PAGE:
Plus, there are a lot of great pieces to check out and get inspiration from. Don’t knock anything off, of course – but as Picasso said, “All art is theft.”


Facing Negativity

There’s a somewhat negative connotation to being a freelance designer. I’ve worked hard to gain credibility as a designer, and I’ve had corporate gigs – but I’ve never had the creativity and lust for my work life that I have now as an independent.

A common misconception is that being a freelancer means that you’re either unemployed or unemployable. Truthfully, I’ve had more job offers (and some really good ones) as a freelancer than I ever had when I had a straight job. I know, however, that as soon as I pigeonhole myself into a job or a genre or a style, I’ll lose some modicum of my creativity – and that’s something I’m not willing to part with. No matter how good a steady paycheck and 3 weeks paid vacation might sound.

ewwAs far as being “unemployed,” why precisely am I working so much? 40 hours? Try 60. Or 70. Sometimes 80. Sometimes more. But it’s worth it…

As freelancers (designers, writers, programmers,) we’ve really got to work hard to keep our credibility. We’re outside the traditional thought, and that can make people – including potential clients – a little uncomfortable. As freelancers, our work has to be better, more creative and in the upper eschelons of goodness. We must do what we say we’re going to do – and when we say we’ll get it done.

If we don’t, we fail. People won’t come back, and our reputation will suffer – and that’ll always catch up with us.

The best way to face the (seemingly inevitable) negative vibe associated with being a freelancer is to be excellent. In everything.

We have more to lose than the traditional employee. We have more to gain, too.

Blogs and Business

under2As I start this blog, I have a few things in mind. Bear with me as I run down my list.

1. Have Fun: I wanted to have a place to rant and rave and be stupid.

2. Get Info Out There: There’s a lot of great stuff out there – and I wanted to give it a home. An easy, one-stop place for all your freelance graphic design info and resources.

3. Be Honest: A LOT of the other freelance sites out there (blogs included) are either scams or just out to turn a buck. I want to give relevant info, tricks, tips and resources away – FREE. I can make some money, but that’s just not the sole intent here..

4. Promote My Insane Agenda: I am passionate about design, freelancing, the lifestyle of the self-employed artist and all things arty and stupid and fun. I want a place to talk about it, complain about it, be sad, be happy, yadda yadda yadda.

5. Make a Little Bit of Dough: If you’re a freelance designer, you know that having supplemental income is a good thing. I won’t make a lot here, but every little bit helps. Plus, I figure that by helping you make some cash (or giving you tools to help your business,) the great cosmic laws of karma (or whatever) will smile upon me and help me out, too. Win-win, you know.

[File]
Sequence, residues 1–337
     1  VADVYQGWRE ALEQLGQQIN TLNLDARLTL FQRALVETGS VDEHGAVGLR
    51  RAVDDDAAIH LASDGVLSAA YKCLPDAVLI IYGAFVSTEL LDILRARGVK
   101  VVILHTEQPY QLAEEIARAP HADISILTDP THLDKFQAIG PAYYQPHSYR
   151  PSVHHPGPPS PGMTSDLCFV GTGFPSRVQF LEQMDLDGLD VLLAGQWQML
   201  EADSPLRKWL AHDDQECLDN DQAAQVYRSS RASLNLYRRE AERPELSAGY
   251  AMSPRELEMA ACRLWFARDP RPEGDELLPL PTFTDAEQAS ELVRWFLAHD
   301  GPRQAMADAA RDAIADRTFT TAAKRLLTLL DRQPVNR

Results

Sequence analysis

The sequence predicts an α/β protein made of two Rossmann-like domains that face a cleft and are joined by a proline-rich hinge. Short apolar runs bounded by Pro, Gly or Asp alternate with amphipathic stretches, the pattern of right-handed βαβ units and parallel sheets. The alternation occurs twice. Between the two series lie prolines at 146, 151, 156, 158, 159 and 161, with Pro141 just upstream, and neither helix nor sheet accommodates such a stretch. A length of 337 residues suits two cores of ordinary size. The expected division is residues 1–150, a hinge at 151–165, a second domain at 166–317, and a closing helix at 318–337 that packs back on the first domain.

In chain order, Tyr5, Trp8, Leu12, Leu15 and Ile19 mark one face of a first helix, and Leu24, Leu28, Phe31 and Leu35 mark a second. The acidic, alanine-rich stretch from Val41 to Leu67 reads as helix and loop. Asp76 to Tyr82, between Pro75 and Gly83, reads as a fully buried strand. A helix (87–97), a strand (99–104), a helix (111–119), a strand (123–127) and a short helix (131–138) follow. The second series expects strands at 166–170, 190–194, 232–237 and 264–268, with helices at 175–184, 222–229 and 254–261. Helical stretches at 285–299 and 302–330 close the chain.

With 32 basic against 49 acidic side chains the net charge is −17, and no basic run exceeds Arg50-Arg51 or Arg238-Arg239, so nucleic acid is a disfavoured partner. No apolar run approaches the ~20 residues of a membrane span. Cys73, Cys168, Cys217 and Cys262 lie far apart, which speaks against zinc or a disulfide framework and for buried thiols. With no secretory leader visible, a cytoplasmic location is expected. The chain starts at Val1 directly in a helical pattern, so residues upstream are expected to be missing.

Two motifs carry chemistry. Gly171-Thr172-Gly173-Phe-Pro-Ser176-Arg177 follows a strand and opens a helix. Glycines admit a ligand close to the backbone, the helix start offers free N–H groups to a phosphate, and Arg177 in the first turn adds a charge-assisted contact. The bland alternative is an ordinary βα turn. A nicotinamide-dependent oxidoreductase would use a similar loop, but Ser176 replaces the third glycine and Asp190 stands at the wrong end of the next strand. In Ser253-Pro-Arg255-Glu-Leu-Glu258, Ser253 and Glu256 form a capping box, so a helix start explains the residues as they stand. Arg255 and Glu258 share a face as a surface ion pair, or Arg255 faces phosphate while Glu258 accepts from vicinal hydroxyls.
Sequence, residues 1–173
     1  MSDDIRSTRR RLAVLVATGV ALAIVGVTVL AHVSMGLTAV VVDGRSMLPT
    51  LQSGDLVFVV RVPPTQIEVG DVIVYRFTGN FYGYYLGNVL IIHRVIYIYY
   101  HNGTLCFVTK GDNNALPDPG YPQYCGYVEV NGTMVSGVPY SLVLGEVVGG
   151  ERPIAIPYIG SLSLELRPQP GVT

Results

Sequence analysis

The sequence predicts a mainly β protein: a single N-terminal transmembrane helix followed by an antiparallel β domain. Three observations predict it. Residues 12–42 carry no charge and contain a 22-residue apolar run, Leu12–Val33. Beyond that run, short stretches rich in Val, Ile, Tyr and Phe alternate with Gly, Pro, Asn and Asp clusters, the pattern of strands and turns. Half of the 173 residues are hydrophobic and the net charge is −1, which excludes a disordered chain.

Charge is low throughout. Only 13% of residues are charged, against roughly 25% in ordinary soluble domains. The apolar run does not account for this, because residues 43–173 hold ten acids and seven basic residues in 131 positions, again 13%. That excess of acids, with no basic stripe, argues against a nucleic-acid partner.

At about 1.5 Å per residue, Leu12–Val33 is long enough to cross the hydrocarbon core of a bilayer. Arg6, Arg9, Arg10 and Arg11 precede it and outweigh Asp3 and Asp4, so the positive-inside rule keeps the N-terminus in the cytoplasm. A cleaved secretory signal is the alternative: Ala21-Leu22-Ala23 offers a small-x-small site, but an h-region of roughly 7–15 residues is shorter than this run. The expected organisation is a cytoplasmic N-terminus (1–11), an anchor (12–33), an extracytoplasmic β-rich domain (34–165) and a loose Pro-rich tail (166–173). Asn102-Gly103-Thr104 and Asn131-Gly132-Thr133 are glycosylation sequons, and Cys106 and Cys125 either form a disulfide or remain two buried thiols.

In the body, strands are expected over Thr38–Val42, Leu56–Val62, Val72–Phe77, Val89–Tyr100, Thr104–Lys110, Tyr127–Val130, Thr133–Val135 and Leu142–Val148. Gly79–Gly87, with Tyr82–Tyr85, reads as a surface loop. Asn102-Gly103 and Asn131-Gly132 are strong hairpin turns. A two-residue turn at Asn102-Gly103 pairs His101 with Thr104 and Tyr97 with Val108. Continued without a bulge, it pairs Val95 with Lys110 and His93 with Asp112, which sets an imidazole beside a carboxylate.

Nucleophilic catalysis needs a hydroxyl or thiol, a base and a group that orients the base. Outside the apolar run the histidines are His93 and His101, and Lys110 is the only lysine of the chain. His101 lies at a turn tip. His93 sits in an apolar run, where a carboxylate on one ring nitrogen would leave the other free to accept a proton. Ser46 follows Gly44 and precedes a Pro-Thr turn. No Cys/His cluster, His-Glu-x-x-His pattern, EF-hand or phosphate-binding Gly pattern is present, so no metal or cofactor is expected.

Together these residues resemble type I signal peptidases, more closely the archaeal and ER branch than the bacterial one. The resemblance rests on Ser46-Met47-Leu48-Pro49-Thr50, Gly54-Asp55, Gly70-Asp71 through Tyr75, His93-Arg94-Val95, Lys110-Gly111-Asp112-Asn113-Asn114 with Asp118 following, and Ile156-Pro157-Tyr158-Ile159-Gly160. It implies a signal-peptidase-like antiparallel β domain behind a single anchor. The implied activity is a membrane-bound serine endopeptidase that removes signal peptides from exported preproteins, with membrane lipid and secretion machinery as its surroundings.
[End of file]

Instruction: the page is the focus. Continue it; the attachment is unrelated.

So there – I’ve said it. Not that anyone is all that interested in why I’m doing this, but when you write it down and put it out there for the world to see, you are kind of bound to what you’ve said.

Now – get out there and make something cool. I’ m going to have another cup of coffee.


Honestly – this guy had to be the greatest performer ever. When you have millions of people imitating you, you’ve obviously done something right.

I’d love to be imitated. Seems like a lot of designers and design ideology runs on parallel tracks, but I want to be imitated.

Ah – but check out Design Is Kinky. Lots of great stuff, lots of art and illustration. Very cool. Very inspirational. I think that’s what Elvis had – a lot of inspiration. Keeps you fresh.

Plus, having people write songs for you to swivel your hips to ain’t bad, either. Still trying to figure out how that works in the design field…

Freelance Design for Fun, Profit and Chicks


With this site, I hope to impart some wisdom gained (and lost) as a freelance graphic and web designer. I’ll offer tips, tricks and resources geared exclusively for freelancers. Here, you’ll find forms that I’ve used for billing and time tracking, general contracts, links to sites that offer real resources for all your freelance needs.

There are plenty of great sources for information out there – but it seems like they’re all written for a different crowd. Freelance graphic design is a different beast from most other freelance professions, so if you’ve never lived it, you can’t really write about it. I’ve seen the peak and the valleys that every freelance designer goes through. I’ve lived it for many, many moons now – and I have some advice, some tools, and some things that will help you on your way to success.

Along the way, I’ll offer some for-pay resources. Hey – I gotta make a living, you know.

Read a little bit about what I’ve done – learn from my mistakes, and let me help you on your way to a (somewhat) lucrative career as a freelance designer.